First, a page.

Iran’s reform movement has always been a body in search of a head. It elected former President Khatami in 1997 because he was seen as the candidate most likely to press for some reforms; when he showed little willingness or ability to tackle core issues, the reform movement moved away from him. The movement rallied behind the lack-luster Mousavi because he was viewed as a man who had stood up to Khamenei when they served together in the 1980s and might be the only one able to do it again. But if he continues to fall short on action, the movement will almost certainly look elsewhere.
THIRD: The third layer is among the clerics themselves. This is the least visible face of the opposition but arguably just as important as the civil disobedience because it provides intellectual depth and legitimacy to the public campaign. It centers on internal debates—in public letters, in seminaries and universities, on websites, and among themselves--about the election, the regime’s behavior, and the nature of an Islamic state.
The most important figure is the dissident cleric Ayatollah Ali Montazeri, who was originally designated heir apparent to revolutionary leader Ayatollah Khomeini. But his criticism of the regime’s practices led to his dismissal just a few months before Khomeini died in 1989. After the June election, he issued a virtual fatwa dismissing the results. He urged Iranians to continue "reclaiming their dues" in calm protests. He also warned security forces not to follow orders that would eventually condemn them "before God." He wrote, "Today, censorship and cutting telecommunication lines cannot hide the truth.”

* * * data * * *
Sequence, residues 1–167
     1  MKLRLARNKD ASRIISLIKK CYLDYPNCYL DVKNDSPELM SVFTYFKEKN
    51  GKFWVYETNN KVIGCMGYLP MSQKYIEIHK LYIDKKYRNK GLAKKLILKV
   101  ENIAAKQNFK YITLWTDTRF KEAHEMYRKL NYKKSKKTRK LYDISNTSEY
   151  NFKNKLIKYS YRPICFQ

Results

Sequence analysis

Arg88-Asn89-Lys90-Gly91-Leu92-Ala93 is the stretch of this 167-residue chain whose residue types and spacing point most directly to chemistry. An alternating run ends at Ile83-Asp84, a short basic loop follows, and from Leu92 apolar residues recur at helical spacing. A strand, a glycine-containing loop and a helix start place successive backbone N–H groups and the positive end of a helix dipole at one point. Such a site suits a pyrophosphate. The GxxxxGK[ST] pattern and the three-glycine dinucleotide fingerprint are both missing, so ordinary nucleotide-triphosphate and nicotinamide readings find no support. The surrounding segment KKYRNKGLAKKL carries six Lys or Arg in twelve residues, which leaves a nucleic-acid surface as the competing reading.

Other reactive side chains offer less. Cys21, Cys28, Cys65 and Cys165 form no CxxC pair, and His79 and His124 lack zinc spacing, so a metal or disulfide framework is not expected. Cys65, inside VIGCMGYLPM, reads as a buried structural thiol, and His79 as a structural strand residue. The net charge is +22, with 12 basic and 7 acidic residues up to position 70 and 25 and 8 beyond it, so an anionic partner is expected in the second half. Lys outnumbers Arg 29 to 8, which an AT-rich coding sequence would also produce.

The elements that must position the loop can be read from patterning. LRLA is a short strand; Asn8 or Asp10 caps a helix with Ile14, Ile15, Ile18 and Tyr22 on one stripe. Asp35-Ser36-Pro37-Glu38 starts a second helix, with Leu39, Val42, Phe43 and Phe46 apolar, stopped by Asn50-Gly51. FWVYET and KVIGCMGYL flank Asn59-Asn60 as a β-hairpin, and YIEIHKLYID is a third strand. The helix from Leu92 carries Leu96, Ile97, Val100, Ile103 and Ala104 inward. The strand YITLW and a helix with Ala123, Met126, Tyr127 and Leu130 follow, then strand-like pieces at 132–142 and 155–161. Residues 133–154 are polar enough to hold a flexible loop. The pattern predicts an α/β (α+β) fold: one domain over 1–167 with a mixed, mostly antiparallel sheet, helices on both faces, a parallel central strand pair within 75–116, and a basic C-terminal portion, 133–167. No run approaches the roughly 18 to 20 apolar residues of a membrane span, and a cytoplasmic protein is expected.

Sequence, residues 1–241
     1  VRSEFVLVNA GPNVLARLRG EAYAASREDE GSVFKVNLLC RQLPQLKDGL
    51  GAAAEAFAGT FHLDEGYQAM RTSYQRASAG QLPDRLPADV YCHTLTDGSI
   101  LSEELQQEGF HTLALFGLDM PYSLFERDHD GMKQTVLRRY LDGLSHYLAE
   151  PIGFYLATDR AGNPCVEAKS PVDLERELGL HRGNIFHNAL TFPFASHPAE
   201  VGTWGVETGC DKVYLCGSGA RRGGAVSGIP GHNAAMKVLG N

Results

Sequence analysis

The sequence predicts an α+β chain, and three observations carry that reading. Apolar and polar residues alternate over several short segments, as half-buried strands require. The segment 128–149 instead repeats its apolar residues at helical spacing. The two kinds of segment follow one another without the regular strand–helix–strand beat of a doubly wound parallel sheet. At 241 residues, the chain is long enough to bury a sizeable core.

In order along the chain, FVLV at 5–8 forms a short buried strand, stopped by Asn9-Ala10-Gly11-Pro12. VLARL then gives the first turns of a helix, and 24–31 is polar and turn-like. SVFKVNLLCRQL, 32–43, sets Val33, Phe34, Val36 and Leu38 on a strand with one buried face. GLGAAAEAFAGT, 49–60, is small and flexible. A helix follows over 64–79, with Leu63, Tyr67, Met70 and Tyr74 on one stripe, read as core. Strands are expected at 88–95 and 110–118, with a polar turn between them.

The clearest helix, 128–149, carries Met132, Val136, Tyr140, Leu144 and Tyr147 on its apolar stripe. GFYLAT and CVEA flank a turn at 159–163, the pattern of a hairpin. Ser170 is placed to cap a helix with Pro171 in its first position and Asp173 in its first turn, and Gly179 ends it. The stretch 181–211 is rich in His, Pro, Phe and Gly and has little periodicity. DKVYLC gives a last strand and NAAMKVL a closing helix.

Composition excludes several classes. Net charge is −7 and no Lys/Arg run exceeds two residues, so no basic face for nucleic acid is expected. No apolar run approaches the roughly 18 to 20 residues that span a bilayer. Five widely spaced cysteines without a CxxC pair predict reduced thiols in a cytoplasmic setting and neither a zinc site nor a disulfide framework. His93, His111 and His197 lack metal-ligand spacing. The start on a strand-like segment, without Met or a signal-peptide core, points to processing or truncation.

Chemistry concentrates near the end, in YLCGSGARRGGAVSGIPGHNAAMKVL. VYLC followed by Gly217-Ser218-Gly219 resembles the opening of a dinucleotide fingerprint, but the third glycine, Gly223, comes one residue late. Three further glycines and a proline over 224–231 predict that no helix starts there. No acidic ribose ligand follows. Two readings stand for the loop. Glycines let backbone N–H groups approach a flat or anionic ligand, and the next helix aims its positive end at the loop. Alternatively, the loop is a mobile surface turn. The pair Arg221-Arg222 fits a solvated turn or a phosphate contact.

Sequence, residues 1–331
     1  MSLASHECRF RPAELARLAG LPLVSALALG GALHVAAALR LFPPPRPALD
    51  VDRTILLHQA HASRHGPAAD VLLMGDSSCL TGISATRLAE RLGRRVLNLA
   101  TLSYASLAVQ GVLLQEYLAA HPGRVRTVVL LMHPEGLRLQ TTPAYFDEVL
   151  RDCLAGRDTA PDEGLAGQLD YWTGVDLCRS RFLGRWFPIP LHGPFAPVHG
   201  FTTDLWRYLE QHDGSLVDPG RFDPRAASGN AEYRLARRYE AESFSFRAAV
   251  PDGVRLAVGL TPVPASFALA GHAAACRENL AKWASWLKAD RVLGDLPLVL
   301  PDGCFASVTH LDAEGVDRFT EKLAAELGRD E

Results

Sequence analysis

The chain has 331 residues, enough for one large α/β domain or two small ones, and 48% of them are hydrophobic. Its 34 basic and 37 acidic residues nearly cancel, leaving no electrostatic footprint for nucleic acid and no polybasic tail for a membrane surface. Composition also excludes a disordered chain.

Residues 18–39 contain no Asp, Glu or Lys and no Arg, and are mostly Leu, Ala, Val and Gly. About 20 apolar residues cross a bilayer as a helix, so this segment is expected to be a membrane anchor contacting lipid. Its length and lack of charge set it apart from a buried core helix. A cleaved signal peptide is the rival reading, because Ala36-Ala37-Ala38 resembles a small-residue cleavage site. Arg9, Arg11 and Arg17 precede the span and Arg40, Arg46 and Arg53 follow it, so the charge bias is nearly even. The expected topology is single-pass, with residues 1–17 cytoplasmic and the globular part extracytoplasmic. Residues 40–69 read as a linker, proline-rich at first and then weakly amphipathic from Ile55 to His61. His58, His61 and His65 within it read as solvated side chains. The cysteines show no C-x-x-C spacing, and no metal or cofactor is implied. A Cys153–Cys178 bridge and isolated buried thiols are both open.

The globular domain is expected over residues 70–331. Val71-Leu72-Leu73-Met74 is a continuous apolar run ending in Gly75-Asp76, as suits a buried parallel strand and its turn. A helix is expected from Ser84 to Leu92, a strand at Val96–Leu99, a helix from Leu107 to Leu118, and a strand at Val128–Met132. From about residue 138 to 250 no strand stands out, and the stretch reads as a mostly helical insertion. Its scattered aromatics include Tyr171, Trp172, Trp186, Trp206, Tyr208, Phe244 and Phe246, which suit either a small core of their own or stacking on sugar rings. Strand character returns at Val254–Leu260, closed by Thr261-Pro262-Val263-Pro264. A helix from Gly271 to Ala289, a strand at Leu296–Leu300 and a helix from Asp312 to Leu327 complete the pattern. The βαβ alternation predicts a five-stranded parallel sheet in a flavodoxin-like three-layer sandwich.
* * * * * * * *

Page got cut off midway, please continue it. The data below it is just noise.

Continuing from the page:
In a scathing letter to other clerical leaders, he wrote this fall:
"The goal (of the revolution) was not simply to change the names and slogans but then keep the same oppression and abuses practiced by the previous regime…Everyone knows I am a defender of theocratic government…although not in the current form. The difference lies in the fact that I intended the people to chose the jurist and supervise his work…I now feel ashamed of the tyranny conducted under his banner. What we now see is the government of a military guardianship, not the guardian of Islamic scholars."
Another prominent dissident is Grand Ayatollah Yusuf Saanei, one of only about a dozen who hold that highest position. He’s long been a critic but his position has grown much tougher since June. He expressed “abhorrence” for those behind the violence and sympathy for injured protesters, particularly students who “protested to restore their rights and remove doubts about the election.” He said, “What belongs to the people should be given to the people. The wishes of the people should be respected by the state.” During the show trials and purges, he wrote a public letter calling the prisoners’ confessions “religiously, legally and logically invalid and worthless.” He also urged protesters to continue peaceful resistance. And he blasted the regime for betraying the original goals of the revolution.
Another grand ayatollah, Abdolkarim Mousavi Ardabili, warned the Guardian Council that it “must hear the objections that the protesters have to the elections. “We must let the people speak.” And Grand Ayatollah Asadollah Bayat Zanjani Grand Ayatollah said the protests were both lawful and Islamic. "Every healthy mind casts doubt on the way the election was held," he wrote. "More regrettable are large post-election arrests, newspaper censorship and website filtering and, above all, the martyrdom of our countrymen whom they describe as rioters." He, too, warned security forces that it is “against Islam” to attack unarmed people.
Clerical groups have gradually added their voices. The Qom Assembly of Instructors and Researchers issued a statement in early July questioning the neutrality of the twelve-member Council of Guardians, which certified the election. "Candidates' complaints and strong evidence of vote-rigging were ignored ... peaceful protests by Iranians were violently oppressed ... dozens of Iranians were killed and hundreds were illegally arrested." As a result, "the outcome is invalid."